Though President Kennedy urged Americans to get vaccinated against polio , there is no record of him similarly encouraging vaccination against the flu. His own medical records are not available to the public, but may be viewed by researchers only by permission of the Director of the Archive and in the presence of a physician.
Lyndon Baines Johnson (1963 – 1969)
From his Presidential Daily Diary, we know only that President Johnson received a flu shot on September 26, 1968. There are no other mentions of flu vaccinations. The Johnson Library archivist speculates that perhaps flu shots were by then so routine they were not recorded.
Richard M. Nixon (1969 – 1974)
A review of President Nixon’s Presidential Daily Dairy shows no mention of his receiving a flu shot while in office. Nixon’s medical history is held as private and not available for research.
Gerald R. Ford (1974 – 1977)
Apparently, the only flu shot President Ford received was for the swine flu on October 14, 1976. He and his family received the vaccine on television and a photograph of Ford’s shot was widely circulated.
Jimmy Carter (1977 – 1981)
There is no record of President Carter ever receiving a flu shot.
Ronald Reagan (1981 – 1989)
From a March 11, 1985 press release, summarizing President Reagan’s recent physical and medical examination, we know that the president received yearly flu shots as well as “weekly hyposensitization allergy shots.” Photos of four of those shots area shown here, but judging from the dates, it’s unlikely they show flu vaccinations.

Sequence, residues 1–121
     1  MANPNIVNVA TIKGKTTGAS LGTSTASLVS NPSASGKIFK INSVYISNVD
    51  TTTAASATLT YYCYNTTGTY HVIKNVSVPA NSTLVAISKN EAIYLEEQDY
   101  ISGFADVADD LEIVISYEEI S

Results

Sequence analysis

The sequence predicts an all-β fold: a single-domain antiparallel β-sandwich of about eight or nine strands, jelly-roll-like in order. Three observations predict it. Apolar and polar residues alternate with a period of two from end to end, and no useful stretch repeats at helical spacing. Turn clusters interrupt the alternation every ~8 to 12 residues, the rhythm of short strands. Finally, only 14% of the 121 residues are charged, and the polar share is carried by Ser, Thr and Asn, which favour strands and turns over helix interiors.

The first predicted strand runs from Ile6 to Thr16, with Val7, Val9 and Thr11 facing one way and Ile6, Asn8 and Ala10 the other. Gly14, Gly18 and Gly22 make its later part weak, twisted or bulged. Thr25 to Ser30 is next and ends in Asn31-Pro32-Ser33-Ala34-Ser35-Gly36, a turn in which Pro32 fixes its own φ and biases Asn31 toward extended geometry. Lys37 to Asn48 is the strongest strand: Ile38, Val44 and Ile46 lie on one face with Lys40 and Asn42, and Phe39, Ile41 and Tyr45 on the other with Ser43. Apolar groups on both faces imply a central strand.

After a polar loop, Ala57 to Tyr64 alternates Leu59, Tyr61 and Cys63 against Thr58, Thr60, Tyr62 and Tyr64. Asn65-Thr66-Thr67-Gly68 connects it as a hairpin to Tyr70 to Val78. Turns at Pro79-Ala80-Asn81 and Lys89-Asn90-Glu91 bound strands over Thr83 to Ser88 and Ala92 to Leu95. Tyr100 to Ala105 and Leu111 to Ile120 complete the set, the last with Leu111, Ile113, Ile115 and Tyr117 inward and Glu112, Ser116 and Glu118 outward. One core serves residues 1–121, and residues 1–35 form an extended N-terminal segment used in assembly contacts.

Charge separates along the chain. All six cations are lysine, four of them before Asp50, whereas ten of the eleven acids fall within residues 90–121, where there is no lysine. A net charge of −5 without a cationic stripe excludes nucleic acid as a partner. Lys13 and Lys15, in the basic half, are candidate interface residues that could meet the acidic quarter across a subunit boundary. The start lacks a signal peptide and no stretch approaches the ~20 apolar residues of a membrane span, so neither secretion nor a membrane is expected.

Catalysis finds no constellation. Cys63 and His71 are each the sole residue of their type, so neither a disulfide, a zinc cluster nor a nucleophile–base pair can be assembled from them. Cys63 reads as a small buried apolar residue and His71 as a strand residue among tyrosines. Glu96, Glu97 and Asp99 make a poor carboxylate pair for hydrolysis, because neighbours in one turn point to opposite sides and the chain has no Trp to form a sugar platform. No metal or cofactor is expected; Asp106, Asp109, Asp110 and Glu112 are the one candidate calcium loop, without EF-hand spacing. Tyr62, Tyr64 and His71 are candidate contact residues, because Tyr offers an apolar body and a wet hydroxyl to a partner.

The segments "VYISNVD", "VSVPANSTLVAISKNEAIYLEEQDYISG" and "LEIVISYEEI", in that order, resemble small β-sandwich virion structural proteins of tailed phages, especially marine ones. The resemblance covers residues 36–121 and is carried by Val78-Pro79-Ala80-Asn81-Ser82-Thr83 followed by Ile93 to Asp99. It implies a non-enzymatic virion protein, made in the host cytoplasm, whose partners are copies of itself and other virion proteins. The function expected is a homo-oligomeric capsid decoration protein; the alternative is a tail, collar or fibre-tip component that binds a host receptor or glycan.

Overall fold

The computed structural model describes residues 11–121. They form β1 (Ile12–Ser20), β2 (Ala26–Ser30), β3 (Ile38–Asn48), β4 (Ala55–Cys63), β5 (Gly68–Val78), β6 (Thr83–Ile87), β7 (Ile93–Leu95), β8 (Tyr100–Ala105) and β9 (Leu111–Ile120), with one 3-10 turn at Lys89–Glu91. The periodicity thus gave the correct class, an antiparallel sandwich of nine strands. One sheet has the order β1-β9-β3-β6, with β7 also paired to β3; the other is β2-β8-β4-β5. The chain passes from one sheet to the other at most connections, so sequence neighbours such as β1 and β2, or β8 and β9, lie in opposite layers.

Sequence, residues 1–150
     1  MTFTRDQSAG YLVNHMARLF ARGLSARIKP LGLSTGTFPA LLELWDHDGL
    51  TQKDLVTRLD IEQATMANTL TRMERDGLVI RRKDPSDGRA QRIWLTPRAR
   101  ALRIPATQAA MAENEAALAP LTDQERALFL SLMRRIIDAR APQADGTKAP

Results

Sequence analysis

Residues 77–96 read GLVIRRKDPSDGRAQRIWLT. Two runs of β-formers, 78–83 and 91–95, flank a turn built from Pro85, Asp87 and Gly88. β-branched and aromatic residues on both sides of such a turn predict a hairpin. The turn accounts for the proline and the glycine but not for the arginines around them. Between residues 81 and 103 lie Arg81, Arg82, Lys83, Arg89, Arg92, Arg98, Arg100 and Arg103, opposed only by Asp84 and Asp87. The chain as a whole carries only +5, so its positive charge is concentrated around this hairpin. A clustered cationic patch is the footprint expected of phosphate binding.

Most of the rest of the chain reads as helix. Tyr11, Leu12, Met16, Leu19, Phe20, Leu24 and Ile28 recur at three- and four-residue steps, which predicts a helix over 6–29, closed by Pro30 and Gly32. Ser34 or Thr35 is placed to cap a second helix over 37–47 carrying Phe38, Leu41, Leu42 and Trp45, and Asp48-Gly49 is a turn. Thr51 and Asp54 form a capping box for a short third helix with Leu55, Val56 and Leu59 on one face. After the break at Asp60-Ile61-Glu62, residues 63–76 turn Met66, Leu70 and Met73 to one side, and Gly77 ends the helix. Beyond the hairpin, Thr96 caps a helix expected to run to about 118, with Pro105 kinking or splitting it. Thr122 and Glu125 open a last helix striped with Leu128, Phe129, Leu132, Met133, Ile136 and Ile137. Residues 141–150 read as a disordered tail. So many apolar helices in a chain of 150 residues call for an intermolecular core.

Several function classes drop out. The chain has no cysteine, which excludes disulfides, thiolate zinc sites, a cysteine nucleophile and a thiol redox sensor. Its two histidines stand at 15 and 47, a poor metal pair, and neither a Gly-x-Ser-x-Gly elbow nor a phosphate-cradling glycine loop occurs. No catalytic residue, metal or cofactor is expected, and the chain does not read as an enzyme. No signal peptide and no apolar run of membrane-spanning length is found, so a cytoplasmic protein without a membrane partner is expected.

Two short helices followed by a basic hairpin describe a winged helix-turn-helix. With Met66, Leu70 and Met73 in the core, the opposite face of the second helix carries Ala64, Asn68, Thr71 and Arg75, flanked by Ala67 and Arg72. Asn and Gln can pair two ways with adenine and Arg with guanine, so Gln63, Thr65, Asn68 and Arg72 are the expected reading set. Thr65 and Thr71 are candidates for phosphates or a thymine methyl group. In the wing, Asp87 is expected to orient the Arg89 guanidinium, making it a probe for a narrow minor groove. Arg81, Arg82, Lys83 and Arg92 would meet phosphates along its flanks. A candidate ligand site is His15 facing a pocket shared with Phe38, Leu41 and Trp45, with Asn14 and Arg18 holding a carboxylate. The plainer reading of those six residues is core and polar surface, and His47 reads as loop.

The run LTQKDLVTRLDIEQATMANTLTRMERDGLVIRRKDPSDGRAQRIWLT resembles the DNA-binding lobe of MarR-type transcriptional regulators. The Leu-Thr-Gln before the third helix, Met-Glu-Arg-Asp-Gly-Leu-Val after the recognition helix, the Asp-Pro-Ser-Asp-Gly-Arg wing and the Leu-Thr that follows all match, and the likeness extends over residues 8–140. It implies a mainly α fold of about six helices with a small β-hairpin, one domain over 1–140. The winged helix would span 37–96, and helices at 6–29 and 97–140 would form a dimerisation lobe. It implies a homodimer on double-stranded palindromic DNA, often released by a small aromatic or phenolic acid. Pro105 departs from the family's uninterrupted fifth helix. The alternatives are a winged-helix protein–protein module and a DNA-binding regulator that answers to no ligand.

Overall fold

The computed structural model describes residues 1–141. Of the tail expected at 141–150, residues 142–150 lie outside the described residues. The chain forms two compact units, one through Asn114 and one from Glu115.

George H. W. Bush (1989 – 2009)
There is no record of President George H. W. Bush ever receiving a flu shot.
William Clinton (1993-2001)
From a December 14, 1999 White House press briefing, we know of at least one instance where President Clinton received a flu shot. 
George W. Bush (2001 – 2009)
There is no record of President George W. Bush ever receiving a flu shot.
Barak Obama (2009 – 2017)
The only photo we have definitively showing a president of the United States receiving a flu shot is that of Barak Obama on December 20, 2009. We also know that Michelle Obama receive the vaccination that same day and that their daughters received the shots earlier that year in October. 
Donald J. Trump (2017 - )
President Trump is known, not least, for his many contradictions, and his engagement with the flu is no different. After publicly courting Robert Kennedy, Jr. to head up a commission to inquiry, looking for links between vaccines and autism, and after claiming to have never received a flu shot, he apparently, and quietly, did so. 
My thanks to all of these who answered my research requests. Without knowing what this article would say, they were all prompt, courteous, and helpful. They are all, also, professionals at the National Archives and Research Administration (NARA), an agency whose work receives too little attention and too little support. They are:
Valoise Armstrong (Dwight D. Eisenhower Presidential Library, Museum and Boyhood Home), David Clark (Harry S. Truman Presidential Library & Museum), Malisa Culpetter (George W. Bush Presidential Library and Museum), Stacy Davis (Gerald R. Ford Presidential Library & Museum), Mary Finch (George Bush Presidential Library and Museum), Allen Fisher (LBJ Presidential Library), Christian Goos (Barack Obama Presidential Library), Melissa Heddon (Richard Nixon Presidential Library and Museum), Jason Kaplan (William J. Clinton Presidential Library), Emily Mathay (John F. Kennedy Presidential Library and Museum), Brian C. McNerney (Lyndon Baines Johnson Library and Museum), Jennifer Newby (Ronald Reagan Presidential Library), Michael Pinckney (Ronald Reagan Presidential Library), Herbert Ragan (William J. Clinton Presidential Library) Clara Snyder (John F. Kennedy Presidential Library and Museum).
 E-mail to author.